The football season has just recently started and the hostel orgasnised for us to go to a game. The game we saw was San Lorenzo (last season’s champions) vs Racing (last season’s highest goal scorers). The stadium is a little way out of town so there was buses to transport us out to the game. We were there a bit early so we got to see the stadium fill up – not that it was completely full. Only the members stand seem to be full, everywhere else still had plenty of space.
The football itself was average at best – I apparently offended some local guy when I said that but to be honest it was not a great standard. The crowd and atmosphere on the other hand was amazing! It really made the game worth going to. I have never seen such passionate sports fans ever before. There was heaps of drums and people singing and dancing the entire game. They were very passionate about their team regardless of them being in the right or not. At one point a San Lorenzo player tripped a Racing player and was carded as a result. It was deserved but the fans don’t see it that way. It’s crazy!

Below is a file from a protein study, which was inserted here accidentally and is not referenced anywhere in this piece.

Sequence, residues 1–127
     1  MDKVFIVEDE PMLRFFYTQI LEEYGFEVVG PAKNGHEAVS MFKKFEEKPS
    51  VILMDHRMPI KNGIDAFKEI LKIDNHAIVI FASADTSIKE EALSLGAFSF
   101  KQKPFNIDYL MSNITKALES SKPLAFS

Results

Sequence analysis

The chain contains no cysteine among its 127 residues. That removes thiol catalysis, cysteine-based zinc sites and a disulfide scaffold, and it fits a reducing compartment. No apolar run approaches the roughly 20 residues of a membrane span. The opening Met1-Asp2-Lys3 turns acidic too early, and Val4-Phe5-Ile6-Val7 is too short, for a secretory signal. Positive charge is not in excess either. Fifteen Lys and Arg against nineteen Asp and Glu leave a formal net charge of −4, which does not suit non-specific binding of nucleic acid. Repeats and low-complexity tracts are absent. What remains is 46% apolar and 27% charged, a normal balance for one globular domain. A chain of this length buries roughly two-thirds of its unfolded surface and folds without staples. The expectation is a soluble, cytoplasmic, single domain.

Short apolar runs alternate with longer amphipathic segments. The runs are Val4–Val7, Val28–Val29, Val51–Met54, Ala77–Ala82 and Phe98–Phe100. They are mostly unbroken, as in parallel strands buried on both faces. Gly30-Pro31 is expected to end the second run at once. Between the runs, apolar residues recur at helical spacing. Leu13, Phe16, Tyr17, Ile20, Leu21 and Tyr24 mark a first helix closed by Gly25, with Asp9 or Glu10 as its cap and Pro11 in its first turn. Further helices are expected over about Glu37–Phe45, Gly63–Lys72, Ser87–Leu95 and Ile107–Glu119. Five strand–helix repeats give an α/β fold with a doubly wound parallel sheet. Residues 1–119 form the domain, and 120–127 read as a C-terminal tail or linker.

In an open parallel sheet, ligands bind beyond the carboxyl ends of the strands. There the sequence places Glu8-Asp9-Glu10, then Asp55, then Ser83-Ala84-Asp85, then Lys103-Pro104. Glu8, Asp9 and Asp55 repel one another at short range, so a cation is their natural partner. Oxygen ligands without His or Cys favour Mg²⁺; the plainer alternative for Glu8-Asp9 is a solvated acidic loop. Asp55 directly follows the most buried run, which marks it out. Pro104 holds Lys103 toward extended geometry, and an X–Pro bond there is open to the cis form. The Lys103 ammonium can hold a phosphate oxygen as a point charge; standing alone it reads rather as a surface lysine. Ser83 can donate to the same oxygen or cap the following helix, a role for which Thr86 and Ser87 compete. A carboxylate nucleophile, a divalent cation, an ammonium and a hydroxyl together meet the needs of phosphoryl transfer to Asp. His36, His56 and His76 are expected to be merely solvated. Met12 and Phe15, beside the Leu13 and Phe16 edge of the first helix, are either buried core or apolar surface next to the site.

It appears that Argentina has a love of getting you smashed on red wine before you do an activity. Today was no different. The Argentina Polo Day was recommended to me by a couple of different people and to be honest, I’m glad I did it.
We were picked up from the hostel just before 10am and were bused out to a Polo Club about an hour out of the city. Upon arrival we handed a glass of red and the most amazing empanada I’ve ever eaten. With our bottomless glass of red, we were explained the basics of Polo before we watched a game. Because of the amount of rain yesterday, they had to use the practice pitch which is smaller and therefore there was only 3 players for each team instead of the usual 4.